When you ask about the changes in Hennie Otto, who won the South African Open at the end of last year, people say, “He got God, or something,” before switching the subject. In this day and age, not too many want to go down that road.
Yet, the 35-year-old Otto’s story is compelling in that he will tell you that he has, quite literally, seen the light.
As a young man, he was poised to play rugby for the Springboks until he missed out on an Under 23 final trial because it coincided with a golf tournament. He was besotted with golf and, after turning professional in 1998, notched a number of wins on the South African Tour before breaking through in Europe with a victory in the 2008 Italian Open.
That, though, was not the first time he had come to the attention of the larger golfing world.
In 2001, after rounds of 70 and 80 had cost him the halfway cut in the Nashua Masters, he lost his temper in a manner which catapulted him into every headline. First, he broke all 14 of his clubs in the golf club car park. That done, he stopped his car on the way home and tossed the remains into a river. His actions were the talk of the circuit and, to no one’s great surprise, he was fined for bringing the Tour into disrepute.
By way of beginning to explain what was going on in his life, Otto refers you to 5:19-21. Nothing to do with the Rules of Golf but the Galations, the ninth book of the New Testament and a verse incorporating assorted examples of bad behaviour including “immorality, envy, drunkenness and fits of rage.”
He does his best to make the verse sound slightly less unpalatable: “I had a lovely wife and family but I wasn’t living my life as I should. I was drinking, partying and I was an angry man.”
Deep down, he knew he was a disaster in the making, but why would he want to alter his ways when he was fully capable of drinking through the night before shooting a 64?
In the end, it was a higher authority who made the decision for him.
After missing the cut at the 2009 Barclays Scottish Open at Loch Lomond, Otto stayed put in his B&B in the loch-side town of Balloch before driving on to the Open Championship at Turnberry. He hit the bottle in a big way on the Saturday night and was still walking the streets at three o’clock in the morning.
That was when this desperate soul hit rock bottom.
He fell to his knees and, for the first time in 23 years, looked for forgiveness for his litany of sins. There was a white light beaming down on him and he explains that he heard a voice. “It was in a language I could understand, though I can’t begin to tell you what it was.”
Otto’s translation goes like this: “I waited for you and now I’ve found you.”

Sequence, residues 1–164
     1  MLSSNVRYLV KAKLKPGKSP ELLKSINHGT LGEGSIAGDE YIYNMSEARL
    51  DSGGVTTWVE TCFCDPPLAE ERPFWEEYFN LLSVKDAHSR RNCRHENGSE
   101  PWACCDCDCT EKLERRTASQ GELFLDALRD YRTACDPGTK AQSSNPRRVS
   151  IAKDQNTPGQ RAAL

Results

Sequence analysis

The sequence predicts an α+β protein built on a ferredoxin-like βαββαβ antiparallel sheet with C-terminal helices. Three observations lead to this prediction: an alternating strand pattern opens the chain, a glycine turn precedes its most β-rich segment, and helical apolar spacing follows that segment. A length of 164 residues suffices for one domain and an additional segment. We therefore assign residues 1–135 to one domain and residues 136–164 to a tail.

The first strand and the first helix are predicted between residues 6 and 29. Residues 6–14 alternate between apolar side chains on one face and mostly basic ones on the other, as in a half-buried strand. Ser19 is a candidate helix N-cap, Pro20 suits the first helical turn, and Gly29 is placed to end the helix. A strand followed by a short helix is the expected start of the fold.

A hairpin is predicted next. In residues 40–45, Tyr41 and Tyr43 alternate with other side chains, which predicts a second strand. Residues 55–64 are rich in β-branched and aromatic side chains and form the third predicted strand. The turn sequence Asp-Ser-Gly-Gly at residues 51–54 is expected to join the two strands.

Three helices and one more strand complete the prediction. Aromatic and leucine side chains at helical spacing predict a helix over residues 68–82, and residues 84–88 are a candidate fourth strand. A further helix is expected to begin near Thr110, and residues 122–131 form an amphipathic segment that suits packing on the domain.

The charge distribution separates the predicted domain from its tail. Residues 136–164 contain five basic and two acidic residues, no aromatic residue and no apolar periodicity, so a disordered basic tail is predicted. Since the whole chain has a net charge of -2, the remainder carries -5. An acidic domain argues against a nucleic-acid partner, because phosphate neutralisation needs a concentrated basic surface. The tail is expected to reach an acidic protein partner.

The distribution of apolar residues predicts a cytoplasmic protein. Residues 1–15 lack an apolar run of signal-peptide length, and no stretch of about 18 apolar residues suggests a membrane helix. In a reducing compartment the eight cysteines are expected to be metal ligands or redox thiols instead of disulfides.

After 10 minutes, the light disappeared and a thoroughly shaken Otto felt the urge to ring someone. He tried his wife back in South Africa but, at four in the morning, she was not about to answer a call from what she assumed to be a drunken husband.
He then tried his father-in-law, a deeply religious man. He answered and said, quite simply, that he had always expected he would get such a call from his errant son-in-law at some point.
At Turnberry, Otto told his friends. They endeavoured to put a rather more down-to-earth interpretation on what had happened. “You were stoned,” they laughed, “and you finished up under a lamppost. There’s nothing too odd about that.”
Others have since advanced the suggestion that it was the sheer beauty of a moonlit Loch Lomond which could have cast its spell.
Yet it was not long before his friends – and everyone else for that matter – recognised that Otto was no longer the man they knew before that night. He changed and his wife and two children with him as they all started to embrace a more Godly way of life.
On Tour, Otto has established a discussion group to help those who want to stick to rather more than good golfing basics in what can be a testing environment. At the New Year, he was hugely moved by a text from a fellow player who said that Otto’s conversion had changed him.
You ask Otto a somewhat trite question as to how his golf has been affected and he says at once that it didn’t turn him into a winner, even if the 2011 South African Open was a milestone in his golfing life.
“What it has done,” he explains, “is to affect the way I handle myself on a bad day. You don’t go and sulk about it; you have the Lord on your side and you know that somewhere along the line your belief will bear fruit.”
Otto has been back to Balloch since that week in 2009 and discovered that the place where he fell to his knees was a churchyard.
As for the light, there was no lamppost.